BY Rex Mphisa
PUBLIC bus operators and other stakeholders have asked immigration officials in both Zimbabwe and South Africa to investigate allegations that congestion, delays and confusion that recently dogged the Beitbridge border were man-made to fleece travellers of their money.
Desperate travellers, some who spent close to two days in queues that at one time stretched for close to 10 kilometres, ended up bribing their way to get served faster.
Thousands of Zimbabweans, Malawians, Zambians and South African nationals returning to their bases across the Limpopo River were from New Year’s Day caught up at Beitbridge, where queues to cross the border stretched for close to 10 kilometres as immigration officials reportedly maintained artificial bottlenecks.
Gate passes that are ordinarily issued freely to motorists entering South Africa were being sold for as much as R50 by bogus agents.
Regional immigration manager for Beitbridge, Nqobile Ncube, said he was not aware of the allegations.
“Late last week, we saw the crowd was increasing and started releasing more vehicles to South Africa. We were communicating and each time we would release cars as they signalled,” he said.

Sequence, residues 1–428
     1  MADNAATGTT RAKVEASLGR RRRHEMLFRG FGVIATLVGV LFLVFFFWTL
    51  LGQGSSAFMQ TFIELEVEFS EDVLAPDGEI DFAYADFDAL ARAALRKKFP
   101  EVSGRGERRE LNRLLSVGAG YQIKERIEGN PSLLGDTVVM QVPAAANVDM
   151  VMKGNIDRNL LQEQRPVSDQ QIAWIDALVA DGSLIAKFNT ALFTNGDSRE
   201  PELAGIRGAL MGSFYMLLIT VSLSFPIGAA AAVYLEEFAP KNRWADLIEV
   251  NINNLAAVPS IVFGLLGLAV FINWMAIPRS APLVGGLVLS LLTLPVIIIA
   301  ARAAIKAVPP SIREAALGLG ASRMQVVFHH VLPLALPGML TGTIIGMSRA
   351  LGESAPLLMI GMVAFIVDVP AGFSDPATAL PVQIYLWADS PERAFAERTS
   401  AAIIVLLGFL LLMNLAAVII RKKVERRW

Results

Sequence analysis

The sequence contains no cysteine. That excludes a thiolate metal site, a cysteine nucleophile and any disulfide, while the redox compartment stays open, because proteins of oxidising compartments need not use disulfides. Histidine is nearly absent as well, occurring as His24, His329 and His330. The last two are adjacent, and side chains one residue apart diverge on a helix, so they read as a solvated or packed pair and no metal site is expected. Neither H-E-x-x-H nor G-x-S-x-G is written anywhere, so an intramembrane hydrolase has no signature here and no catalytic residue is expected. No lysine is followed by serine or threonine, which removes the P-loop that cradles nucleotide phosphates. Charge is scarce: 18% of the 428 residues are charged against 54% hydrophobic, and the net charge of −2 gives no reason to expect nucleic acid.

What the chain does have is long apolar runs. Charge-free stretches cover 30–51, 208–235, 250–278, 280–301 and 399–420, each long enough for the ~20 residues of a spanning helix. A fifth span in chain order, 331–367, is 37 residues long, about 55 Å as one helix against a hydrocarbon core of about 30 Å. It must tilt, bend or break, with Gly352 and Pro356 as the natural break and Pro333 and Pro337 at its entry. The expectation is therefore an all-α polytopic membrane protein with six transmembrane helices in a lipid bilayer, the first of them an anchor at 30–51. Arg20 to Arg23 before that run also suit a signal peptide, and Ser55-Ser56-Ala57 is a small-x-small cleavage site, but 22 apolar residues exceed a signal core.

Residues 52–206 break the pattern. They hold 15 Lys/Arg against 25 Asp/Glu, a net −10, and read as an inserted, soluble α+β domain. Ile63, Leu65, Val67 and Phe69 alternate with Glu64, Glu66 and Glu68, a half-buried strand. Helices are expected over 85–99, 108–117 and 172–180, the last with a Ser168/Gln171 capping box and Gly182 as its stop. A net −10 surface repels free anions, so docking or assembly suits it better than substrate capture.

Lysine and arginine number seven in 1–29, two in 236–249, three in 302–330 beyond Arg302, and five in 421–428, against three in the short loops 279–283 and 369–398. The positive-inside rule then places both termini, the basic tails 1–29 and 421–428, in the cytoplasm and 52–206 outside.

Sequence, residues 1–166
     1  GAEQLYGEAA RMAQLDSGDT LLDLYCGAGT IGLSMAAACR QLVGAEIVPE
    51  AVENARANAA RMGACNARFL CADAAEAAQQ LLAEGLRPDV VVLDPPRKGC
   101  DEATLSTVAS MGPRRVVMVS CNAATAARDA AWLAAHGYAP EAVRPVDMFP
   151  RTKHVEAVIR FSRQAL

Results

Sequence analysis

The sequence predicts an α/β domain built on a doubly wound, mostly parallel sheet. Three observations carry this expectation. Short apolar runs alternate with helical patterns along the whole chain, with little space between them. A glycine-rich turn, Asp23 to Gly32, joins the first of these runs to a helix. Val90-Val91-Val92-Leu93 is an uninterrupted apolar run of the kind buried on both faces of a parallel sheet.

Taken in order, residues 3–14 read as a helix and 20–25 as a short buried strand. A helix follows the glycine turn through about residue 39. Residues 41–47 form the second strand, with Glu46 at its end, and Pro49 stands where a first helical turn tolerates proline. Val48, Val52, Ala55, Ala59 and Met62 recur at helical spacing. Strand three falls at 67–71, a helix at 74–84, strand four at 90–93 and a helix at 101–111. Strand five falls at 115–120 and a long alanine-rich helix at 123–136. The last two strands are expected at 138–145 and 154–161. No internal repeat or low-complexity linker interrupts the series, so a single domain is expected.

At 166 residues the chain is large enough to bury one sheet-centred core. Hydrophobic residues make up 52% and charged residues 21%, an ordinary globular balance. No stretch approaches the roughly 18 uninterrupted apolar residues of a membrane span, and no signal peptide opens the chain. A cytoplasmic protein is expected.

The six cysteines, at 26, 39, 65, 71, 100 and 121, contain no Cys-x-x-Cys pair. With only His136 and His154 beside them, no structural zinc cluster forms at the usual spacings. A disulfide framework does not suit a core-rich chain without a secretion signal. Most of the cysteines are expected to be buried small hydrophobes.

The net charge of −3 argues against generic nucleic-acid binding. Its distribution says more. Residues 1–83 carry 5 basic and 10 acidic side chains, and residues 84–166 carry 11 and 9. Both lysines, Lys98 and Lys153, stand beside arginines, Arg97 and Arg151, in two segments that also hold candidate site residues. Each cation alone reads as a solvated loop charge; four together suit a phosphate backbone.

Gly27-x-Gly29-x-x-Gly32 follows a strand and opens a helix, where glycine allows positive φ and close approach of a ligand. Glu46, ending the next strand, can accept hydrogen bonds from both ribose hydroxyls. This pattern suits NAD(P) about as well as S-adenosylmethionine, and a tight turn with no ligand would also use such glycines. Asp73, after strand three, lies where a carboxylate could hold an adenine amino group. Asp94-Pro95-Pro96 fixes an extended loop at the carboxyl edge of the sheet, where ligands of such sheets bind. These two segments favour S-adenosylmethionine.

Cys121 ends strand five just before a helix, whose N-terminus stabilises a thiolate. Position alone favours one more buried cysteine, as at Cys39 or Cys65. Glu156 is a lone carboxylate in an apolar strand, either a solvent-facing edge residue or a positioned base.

Travellers singled out a shift headed by one official (name withheld) as the most corrupt.
“The bottleneck was on the South African side. Immigration officers were slow and deliberately took their time because people ended up offering large amounts of cash bribes just to be cleared into South Africa. This has always been happening, but this year the act was stepped up,” said a cross-border bus driver who plies the Lusaka-Johannesburg route.
“For us to have our passports processed, we collected money from our passengers asking each to put R200 per passport. We took the passports inside for processing even without the bearers,” the driver, who asked not to be named, said.
“An investigation must be made because this is an international border. Why has it become difficult this year?
Considering we are going towards a one-stop border post the process should be (smoother),” said another driver.
“Although queues were on the Zimbabwean side, the real bottleneck was on the South African side where the immigration officers often talked to bus crews to arrange their corrupt deals,” the driver said.
In some cases, gate passes were sold to motorists as officials deployed runners into the crowds of stranded travellers to search for potential clients.